The Pequod Review:
Published in 1936, The Shadow Over Innsmouth is one of H.P. Lovecraft’s most frightening stories. It is told in the first person by a young man (Robert Olmstead) who describes an earlier sightseeing trip he took through New England, where he came across a decaying coastal town (Innsmouth) that is the subject of ominous rumors. Innsmouth was once a prosperous shipping port but a deep recession in the early 1800s and a deadly epidemic in 1845 led to a prolonged decline. The town has barely recovered since then — its buildings are mostly abandoned and the remaining townspeople seem to have odd physical traits (“the Innsmouth look”) which have led those in neighboring villages to mostly stay away. Olmstead nonetheless finds his curiosity aroused and decides to take a day trip by bus to Innsmouth, where he eventually discovers a much more terrifying history.
Throughout his career, H.P. Lovecraft (1890-1937) carved out an entirely unique genre of fiction that incorporated elements of mystery, horror and science fiction (often lumped under the catch-all category “weird tales”). But at its core, Lovecraft’s work considered the insignificance of the human race in the wider universe. As he put it in a 1927 letter to his editor:
Now all my tales are based on the fundamental premise that common human laws and interests and emotions have no validity or significance in the vast cosmos-at-large... To achieve the essence of real externality, whether of time or space or dimension, one must forget that such things as organic life, good and evil, love and hate, and all such local attributes of a negligible and temporary race called mankind, have any existence at all. Only the human scenes must have human qualities. These must be handled with unsparing realism (not catch-penny romanticism) but when we cross the line to the boundless and hideous unknown — the shadow-haunted Outside — we must remember to leave our humanity and terrestrialism at the threshold.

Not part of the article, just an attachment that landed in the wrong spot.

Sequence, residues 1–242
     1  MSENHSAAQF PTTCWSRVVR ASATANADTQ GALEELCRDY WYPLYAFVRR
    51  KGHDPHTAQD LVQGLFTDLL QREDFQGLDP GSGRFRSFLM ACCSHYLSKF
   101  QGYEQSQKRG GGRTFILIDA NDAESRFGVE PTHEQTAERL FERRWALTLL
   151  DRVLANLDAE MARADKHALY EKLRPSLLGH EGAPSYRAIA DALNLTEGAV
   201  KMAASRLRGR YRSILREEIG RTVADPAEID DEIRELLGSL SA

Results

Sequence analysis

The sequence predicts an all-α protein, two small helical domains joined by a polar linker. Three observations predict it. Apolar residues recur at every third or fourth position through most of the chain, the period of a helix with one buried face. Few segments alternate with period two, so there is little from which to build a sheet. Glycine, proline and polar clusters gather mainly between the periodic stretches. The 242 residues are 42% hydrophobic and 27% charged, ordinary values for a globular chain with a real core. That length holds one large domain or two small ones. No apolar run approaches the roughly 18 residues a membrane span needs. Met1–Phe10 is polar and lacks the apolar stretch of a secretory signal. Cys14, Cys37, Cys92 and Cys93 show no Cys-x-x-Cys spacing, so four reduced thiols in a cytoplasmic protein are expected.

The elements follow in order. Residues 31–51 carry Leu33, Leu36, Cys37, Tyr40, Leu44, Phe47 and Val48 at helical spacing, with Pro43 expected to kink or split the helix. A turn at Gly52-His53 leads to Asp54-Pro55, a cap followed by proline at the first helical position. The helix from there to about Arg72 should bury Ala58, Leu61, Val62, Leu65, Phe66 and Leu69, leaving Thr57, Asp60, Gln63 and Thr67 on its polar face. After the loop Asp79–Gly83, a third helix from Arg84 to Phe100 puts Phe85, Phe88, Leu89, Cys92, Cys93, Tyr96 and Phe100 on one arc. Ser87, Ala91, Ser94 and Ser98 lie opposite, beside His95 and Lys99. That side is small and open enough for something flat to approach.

The Shadow over Innsmouth includes many of these themes, from its contemplation of a newly dominant species on Earth to its essential amorality. But it’s the book's atmospheric setting that is most memorable, as Lovecraft incorporates imagery that suggests much deeper horrors in Innsmouth than merely economic decline:
It was a town of wide extent and dense construction, yet one with a portentous dearth of visible life... The decay was worst close to the waterfront, though in its very midst I could spy the white belfry of a fairly well-preserved brick structure which looked like a small factory. The harbor, long clogged with sand, was enclosed by an ancient stone breakwater; on which I could begin to discern the minute forms of a few seated fishermen, and at whose end were what looked like the foundations of a bygone lighthouse. A sandy tongue had formed inside this barrier, and upon it I saw a few decrepit cabins, moored dories, and scattered lobster-pots. The only deep water seemed to be where the river poured out past the belfried structure and turned southward to join the ocean at the breakwater’s end.
Here and there the ruins of wharves jutted out from the shore to end in indeterminate rottenness, those farthest south seeming the most decayed. And far out at sea, despite a high tide, I glimpsed a long, black line scarcely rising above the water yet carrying a suggestion of odd latent malignancy. This, I knew, must be Devil Reef. As I looked, a subtle, curious sense of beckoning seemed superadded to the grim repulsion; and oddly enough, I found this overtone more disturbing than the primary impression.
Even Lovecraft's dialogue is infused with a threatening quality. At one point, Olmstead has a long conversation about Innsmouth’s history with an elderly man (Zadok Allen) who speaks in a menacing syntax:
“Hey, yew, why dun’t ye say somethin’? Haow’d ye like to be livin’ in a town like this, with everything a-rottin’ an’ a-dyin’, an’ boarded-up monsters crawlin’ an’ bleatin’ an’ barkin’ an’ hoppin’ araoun’ black cellars an’ attics every way ye turn? Hey? Haow’d ye like to hear the haowlin’ night arter night from the churches an’ Order o’ Dagon Hall, an’ know what’s doin’ part o’ the haowlin’? Haow’d ye like to hear what comes from that awful reef every May-Eve an’ Hallowmass? Hey? Think the old man’s crazy, eh? Wal, Sir, let me tell ye that ain’t the wust!”
A key reason for the story's success is the grounded nature of the narrator Olmstead, a university student from Ohio who is as horrified and unsettled by his findings as we imagine we would be. The Japanese writer Haruki Murakami does this to excellent effect too, as his typically bemused and passive protagonists witness a series of surreal events with growing astonishment. However, in Olmstead’s case, he doesn’t just witness these events; he becomes engulfed by them.
The Shadow over Innsmouth is an excellent book, and one that is much more than a horror story. It is tragic, mysterious, and even suspenseful (with a gripping chase sequence mid-way through the story). And it concludes on an especially frightening note, as it hints at the possible end of the human race. Lovecraft’s prose is sometimes needlessly wordy and his story is not always well-told — the long monologue from Zadok Allen that takes up an entire chapter becomes a little tiresome — but this is otherwise an awesome achievement of atmosphere and dread.